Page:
Owen, South Australia
Post office and war memorial
|Population||272 (2011 census)|
|Time zone||ACST (UTC+9:30)|
|• Summer (DST)||ACDT (UTC+10:30)|
|LGA(s)||Wakefield Regional Council|
Owen (postcode 5460) is a rural community in the heart of the Adelaide Plains. Owen is 150 feet (46 m) above sea-level and receives a reliable 416 mm (about 16.5 inches) of rain annually and was first settled in about 1865. It is about 80 km north of Adelaide in South Australia and is approximately 40 minutes by road to the nearest main regional centre of Gawler. It is in the Wakefield Regional Council. There was a second railway siding about 4 kilometres (2.5 mi) northwest of the Government Town of Owen named Woods. The small village by this station is now considered to be part of Owen. At the 2011 census, Owen had a population of 272.
The town services a small community of 634 people who live in the town and the surrounding postcode area. For a small town, Owen is very well serviced having a community Church, post office, bowling club, Country Fire Service (CFS) station, primary school, public swimming pools, a pub, children's playground and a golf course. In its heyday in the 1950s, Owen also had a bank, police station, drapery and a butcher.
The countryside surrounding Owen was once largely given over to sheep and cattle grazing. However, since the early 1990s the area has become better known for cropping (wheat, barley, canola, beans and, more recently, olives). The Adelaide-Balaklava broad-gauge railway line passed through Owen and the railway yard is marked by a series of massive concrete grain silos typical of this region. The town's other main feature is a typical 1940s large concrete water tower of 98 feet (30 m) in height.
The drift to country living and the expanding Adelaide city environs has seen a number of young families moving into the town. New homes are being established at the rate of 1-2 per year - a veritable building boom given the almost 40 years in which only a handful of homes were built in the town. In 1997, the primary school had only 35 pupils. By 2005, this number had risen to over 50, a sure sign of a stable future. Owen's main claim to fame is the annual small-horse carriage driving championships which are held on the town's oval around Easter time.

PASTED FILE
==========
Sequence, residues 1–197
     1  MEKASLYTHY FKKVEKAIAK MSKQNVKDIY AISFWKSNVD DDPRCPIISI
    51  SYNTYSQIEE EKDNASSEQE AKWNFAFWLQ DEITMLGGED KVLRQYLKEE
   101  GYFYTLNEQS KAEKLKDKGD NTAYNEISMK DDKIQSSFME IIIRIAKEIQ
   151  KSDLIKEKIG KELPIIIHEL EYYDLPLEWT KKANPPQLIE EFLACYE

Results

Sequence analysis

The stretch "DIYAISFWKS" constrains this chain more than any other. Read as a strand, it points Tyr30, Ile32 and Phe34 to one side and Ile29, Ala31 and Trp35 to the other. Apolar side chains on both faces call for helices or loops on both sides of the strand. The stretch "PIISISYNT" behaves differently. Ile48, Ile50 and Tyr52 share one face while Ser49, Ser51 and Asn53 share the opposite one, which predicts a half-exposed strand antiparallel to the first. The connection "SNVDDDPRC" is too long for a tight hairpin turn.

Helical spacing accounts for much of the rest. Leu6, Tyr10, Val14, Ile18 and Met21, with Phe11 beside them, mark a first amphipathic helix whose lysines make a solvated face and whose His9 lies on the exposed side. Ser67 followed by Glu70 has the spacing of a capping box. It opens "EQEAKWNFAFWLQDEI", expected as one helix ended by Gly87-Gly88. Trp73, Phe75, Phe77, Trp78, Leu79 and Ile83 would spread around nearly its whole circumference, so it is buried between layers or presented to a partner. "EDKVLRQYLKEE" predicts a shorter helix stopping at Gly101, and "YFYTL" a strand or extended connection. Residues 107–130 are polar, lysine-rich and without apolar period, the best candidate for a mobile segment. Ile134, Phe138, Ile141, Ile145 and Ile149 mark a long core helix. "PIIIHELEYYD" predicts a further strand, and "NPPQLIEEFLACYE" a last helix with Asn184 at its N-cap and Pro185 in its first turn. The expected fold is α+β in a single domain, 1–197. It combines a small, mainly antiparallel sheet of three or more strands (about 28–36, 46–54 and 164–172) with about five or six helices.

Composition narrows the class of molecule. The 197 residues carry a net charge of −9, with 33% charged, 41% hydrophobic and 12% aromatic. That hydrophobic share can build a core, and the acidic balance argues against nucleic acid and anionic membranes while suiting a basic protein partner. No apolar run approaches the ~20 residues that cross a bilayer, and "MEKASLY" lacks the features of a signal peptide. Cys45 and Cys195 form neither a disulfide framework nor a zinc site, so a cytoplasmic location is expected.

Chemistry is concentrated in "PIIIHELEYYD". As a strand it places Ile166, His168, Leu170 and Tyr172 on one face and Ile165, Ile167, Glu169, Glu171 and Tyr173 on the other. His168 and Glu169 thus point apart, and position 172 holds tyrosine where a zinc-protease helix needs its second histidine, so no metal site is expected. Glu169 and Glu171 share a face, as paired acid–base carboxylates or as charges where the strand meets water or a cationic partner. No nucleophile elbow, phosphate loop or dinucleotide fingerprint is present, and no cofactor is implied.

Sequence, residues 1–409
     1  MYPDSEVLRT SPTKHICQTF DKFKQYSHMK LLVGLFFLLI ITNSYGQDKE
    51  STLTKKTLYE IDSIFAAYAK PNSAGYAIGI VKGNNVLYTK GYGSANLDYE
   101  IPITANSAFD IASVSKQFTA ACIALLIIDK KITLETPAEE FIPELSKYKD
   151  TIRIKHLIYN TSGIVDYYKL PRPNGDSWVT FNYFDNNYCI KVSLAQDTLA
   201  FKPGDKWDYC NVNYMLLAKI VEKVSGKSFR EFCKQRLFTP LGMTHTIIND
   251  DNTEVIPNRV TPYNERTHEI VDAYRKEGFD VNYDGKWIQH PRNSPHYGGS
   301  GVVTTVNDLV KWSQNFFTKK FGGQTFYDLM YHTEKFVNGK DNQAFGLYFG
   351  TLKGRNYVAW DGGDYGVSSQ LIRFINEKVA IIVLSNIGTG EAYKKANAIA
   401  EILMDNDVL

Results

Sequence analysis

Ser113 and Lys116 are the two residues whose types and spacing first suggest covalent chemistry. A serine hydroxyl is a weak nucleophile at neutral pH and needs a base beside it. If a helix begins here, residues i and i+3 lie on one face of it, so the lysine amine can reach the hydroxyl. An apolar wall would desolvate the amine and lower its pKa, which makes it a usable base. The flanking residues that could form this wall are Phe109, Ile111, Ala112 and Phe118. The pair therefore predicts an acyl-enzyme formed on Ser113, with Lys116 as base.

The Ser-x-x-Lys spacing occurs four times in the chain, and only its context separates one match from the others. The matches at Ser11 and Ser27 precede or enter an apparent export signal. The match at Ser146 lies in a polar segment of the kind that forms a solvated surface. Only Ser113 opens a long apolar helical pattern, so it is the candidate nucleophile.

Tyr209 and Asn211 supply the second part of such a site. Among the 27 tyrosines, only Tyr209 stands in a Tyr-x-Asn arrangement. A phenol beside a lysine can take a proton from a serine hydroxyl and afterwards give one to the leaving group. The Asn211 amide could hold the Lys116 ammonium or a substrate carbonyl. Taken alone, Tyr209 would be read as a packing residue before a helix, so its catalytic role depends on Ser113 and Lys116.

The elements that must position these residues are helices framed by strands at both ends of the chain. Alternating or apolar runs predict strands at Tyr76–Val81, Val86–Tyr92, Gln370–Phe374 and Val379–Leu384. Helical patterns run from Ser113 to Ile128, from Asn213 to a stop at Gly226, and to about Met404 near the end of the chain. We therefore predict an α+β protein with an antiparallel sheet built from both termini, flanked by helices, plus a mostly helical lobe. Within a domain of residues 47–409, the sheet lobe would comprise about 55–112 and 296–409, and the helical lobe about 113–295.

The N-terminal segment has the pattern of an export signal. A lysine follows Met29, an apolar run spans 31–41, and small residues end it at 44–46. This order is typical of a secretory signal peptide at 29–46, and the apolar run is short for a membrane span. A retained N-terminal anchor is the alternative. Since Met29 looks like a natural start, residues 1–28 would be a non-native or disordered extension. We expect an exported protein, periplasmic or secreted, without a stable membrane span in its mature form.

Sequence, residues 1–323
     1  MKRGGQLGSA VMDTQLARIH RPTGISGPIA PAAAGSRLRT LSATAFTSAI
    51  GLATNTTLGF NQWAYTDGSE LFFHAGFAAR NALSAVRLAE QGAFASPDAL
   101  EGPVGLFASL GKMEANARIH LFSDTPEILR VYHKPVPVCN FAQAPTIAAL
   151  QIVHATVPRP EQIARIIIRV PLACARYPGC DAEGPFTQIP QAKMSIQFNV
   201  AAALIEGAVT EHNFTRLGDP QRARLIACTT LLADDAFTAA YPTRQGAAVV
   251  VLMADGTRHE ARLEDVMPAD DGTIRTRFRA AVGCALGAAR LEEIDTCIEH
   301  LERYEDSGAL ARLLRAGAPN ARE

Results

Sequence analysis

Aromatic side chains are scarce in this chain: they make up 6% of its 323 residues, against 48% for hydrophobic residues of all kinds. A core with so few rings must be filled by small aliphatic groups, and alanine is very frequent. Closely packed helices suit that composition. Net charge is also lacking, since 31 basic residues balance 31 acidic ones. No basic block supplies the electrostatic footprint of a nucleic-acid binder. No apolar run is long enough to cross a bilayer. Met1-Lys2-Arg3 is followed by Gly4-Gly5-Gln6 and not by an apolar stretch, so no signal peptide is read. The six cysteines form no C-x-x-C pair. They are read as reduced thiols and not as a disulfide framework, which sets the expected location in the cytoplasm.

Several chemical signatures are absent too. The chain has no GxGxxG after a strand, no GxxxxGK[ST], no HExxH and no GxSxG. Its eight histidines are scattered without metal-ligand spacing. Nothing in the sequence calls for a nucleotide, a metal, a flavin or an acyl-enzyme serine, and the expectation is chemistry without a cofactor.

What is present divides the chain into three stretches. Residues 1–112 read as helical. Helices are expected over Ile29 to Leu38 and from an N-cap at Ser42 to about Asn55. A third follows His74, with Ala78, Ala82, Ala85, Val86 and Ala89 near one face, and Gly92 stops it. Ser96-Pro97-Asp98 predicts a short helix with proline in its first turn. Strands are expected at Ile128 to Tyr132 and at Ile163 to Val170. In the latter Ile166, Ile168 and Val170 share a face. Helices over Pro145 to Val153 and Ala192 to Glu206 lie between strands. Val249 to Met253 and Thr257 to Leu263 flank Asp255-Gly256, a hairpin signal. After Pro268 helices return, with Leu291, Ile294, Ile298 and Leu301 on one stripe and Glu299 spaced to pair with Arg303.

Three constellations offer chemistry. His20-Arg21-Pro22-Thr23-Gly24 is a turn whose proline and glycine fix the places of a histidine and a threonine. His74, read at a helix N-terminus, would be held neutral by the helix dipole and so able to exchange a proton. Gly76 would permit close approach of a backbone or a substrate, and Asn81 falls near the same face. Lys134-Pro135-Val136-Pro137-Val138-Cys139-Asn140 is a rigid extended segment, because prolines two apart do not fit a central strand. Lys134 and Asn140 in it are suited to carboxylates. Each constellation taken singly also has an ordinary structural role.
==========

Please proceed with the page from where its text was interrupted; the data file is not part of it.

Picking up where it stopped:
Owen was also home to the short-lived Owen's Weekly and Dalkey District Courier (3 October - 21 November 1908) , which was printed in parallel with the Hamley Bridge Express (3-31 October 1908) by T.W. Broadway. Each was printed in their respective town, and with different mastheads but the same content.
- Steele Hall, a former premier of South Australia and then federal politician came from Owen.
- Pru Goward, long-serving Australian Federal Government Commissioner for Sex Discrimination, came from Owen.
Notes and references
- Australian Bureau of Statistics (31 October 2012). "Owen (L) (Urban Centre/Locality)". 2011 Census QuickStats. Retrieved 22 January 2012.
- "Placename Details: Woods". property Location Browser. Department of Planning, Transport and Infrastructure, Government of South Australia. 15 September 2008. SA0024007. Retrieved 4 December 2015.
- Laube, Anthony. "LibGuides: SA Newspapers: F-L". guides.slsa.sa.gov.au. Retrieved 2018-08-24.